His PhD work at the University of Otago resulted in high impact publications and was included in the 40th edition of Gray’s Anatomy. Together with his PhD classmate, Dr Mark Phillips, he established a novel technology: "The use of confocal microscopy for the examination of E12 sheet plastinated human tissue" (Phillips et al., 2002) and successfully applied it to the clinical anatomy research on the deep cervical fascia (Nash et al., 2005a; Nash et al., 2005b; Nash et al., 2004; Scali et al., 2015a; Scali et al., 2015b). Lance's plastination skills were trained by Mr Russell Barnett, a well-known pioneer in the international plastination society. During his time in Otago, Lance helped Russell to prepare one transverse and one sagittal sets of the whole cadavers that have been heavily used in both research and undergraduate and postgraduate teaching in our Department for almost two decades.

Figure B. Professor Jones sketched by Lance

Professor Gareth Jones was Head of the Department of Anatomy in Otago when Lance was undertaking his postgraduate studies. Professor Jones recalls that, since Lance’s background was quite different from so many postgraduate students, he had to learn to fit in with this new environment. He was older, and had a Maori background, which is not common in Anatomy. While he sometimes stood out as being different, what shone through was his infectious enthusiasm; rarely could he be held back. He was very conscious of mapping out new paths for those like him who had had to make their way up through the ranks. He was a pathfinder in many ways, but rather than see this as a hurdle, he tried to embrace it.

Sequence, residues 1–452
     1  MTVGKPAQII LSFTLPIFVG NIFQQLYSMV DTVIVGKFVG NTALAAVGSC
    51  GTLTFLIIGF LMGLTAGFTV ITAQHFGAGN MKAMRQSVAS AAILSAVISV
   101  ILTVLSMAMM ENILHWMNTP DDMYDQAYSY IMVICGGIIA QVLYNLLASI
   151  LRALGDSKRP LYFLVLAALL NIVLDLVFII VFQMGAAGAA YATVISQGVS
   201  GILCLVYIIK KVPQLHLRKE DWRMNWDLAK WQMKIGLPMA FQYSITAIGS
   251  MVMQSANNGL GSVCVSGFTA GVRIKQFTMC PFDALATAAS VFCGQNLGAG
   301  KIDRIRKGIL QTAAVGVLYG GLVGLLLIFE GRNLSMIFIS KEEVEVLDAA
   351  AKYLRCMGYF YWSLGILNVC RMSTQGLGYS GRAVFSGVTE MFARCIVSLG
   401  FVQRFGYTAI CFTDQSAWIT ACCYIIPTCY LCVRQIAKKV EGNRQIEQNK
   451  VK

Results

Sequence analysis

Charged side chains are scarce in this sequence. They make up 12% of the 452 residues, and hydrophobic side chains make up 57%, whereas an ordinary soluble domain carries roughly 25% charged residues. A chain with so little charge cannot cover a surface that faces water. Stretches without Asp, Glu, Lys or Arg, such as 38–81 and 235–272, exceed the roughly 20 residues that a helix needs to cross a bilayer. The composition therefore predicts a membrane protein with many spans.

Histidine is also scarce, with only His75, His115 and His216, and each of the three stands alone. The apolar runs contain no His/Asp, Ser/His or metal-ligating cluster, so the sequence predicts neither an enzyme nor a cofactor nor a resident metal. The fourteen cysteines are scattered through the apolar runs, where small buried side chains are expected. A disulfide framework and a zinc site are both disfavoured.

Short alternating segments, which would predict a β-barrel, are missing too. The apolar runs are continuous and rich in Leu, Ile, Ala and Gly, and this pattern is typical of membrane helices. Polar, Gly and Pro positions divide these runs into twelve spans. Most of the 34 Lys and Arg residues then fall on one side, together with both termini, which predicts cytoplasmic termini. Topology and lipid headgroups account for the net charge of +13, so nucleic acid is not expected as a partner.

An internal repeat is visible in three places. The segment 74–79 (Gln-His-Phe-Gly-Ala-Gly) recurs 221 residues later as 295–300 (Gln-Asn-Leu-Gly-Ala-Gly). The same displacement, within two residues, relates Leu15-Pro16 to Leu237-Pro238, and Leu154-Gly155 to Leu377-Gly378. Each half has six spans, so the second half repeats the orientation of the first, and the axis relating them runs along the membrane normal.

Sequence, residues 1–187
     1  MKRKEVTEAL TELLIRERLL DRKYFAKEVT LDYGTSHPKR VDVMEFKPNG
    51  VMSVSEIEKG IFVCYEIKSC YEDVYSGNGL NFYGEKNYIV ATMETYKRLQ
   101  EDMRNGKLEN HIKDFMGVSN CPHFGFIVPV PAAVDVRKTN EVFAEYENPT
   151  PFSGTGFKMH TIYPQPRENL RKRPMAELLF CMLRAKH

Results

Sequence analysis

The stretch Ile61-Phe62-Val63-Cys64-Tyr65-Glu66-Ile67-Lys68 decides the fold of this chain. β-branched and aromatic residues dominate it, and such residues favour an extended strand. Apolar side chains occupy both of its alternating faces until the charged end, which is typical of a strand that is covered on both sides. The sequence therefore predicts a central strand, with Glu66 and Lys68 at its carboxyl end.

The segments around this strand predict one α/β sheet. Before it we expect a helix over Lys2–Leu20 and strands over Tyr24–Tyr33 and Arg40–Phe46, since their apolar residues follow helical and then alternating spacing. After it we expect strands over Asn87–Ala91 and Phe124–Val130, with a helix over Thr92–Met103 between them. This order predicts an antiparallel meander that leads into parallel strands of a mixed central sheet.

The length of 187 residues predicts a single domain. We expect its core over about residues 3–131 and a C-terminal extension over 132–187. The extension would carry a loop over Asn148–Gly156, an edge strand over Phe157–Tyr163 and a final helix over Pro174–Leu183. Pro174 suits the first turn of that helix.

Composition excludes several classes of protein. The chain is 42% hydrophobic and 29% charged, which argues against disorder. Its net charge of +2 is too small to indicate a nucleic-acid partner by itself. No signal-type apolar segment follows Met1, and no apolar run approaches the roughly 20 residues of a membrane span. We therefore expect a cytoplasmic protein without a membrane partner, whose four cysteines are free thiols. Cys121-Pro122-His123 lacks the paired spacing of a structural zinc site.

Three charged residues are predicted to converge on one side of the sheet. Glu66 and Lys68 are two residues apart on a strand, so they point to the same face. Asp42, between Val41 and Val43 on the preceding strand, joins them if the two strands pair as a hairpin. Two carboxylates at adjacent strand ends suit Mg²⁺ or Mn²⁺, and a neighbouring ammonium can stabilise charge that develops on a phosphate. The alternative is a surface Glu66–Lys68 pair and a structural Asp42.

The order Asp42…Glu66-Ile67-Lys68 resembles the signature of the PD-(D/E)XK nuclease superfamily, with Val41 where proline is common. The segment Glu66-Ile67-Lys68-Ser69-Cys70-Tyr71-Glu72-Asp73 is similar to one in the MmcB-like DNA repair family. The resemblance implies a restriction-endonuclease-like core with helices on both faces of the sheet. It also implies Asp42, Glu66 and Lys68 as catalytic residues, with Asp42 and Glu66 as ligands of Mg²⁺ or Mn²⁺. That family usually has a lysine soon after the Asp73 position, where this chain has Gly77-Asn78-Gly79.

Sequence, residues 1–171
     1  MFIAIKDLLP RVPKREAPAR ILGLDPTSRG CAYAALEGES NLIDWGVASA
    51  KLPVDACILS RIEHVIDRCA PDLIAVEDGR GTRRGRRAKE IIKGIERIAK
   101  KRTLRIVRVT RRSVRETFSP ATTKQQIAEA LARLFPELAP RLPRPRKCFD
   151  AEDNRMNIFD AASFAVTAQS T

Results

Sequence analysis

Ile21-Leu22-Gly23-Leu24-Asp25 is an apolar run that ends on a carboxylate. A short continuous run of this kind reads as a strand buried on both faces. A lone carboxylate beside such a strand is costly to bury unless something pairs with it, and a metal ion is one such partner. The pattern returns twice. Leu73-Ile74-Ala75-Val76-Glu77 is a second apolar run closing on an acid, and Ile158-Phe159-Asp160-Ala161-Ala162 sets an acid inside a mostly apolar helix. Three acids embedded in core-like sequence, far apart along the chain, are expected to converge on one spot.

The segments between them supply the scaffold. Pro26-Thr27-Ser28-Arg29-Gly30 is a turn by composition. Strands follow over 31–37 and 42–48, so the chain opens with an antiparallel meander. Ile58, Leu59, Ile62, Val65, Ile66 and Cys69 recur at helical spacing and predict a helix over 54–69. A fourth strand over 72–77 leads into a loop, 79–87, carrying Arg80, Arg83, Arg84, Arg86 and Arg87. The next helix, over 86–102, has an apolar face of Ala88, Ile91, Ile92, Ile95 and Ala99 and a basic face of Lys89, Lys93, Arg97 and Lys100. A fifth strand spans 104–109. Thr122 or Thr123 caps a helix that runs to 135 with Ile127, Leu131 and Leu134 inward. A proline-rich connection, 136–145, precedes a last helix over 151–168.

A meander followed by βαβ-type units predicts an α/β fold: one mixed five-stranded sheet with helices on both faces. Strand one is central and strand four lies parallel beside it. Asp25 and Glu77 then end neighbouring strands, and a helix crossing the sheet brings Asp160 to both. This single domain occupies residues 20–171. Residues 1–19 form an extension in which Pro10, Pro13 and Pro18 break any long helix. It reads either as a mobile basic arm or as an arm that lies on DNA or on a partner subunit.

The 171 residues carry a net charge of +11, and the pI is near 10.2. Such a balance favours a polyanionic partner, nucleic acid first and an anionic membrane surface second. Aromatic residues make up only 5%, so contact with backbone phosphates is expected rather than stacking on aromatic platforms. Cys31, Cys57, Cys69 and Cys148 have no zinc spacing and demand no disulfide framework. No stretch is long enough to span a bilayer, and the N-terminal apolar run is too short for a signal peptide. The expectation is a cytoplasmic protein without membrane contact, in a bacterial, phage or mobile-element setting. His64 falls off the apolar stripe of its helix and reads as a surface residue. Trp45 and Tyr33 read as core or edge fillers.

On completion of his postgraduate research training, he took a lecturer position at the American University of the Caribbean (AUC), a US-accredited medical school on the island of Sint Maarten. He developed extensive experience teaching all parts of the body and led dissection/sectional anatomy/osteology/radiology laboratory sessions. He contributed to the histology course. As a successful and highly rated academic he was appointed Chairman of Anatomy, Embryology and Histology in 2008 and Full Professor in 2011. He initiated and led a number of key reforms in the ACU, including innovations in audio-visual and IT equipment use in teaching and assessment, improving quality and availability of cadaveric material through negotiations with a Dutch University and the design and development of a completely new anatomy facility.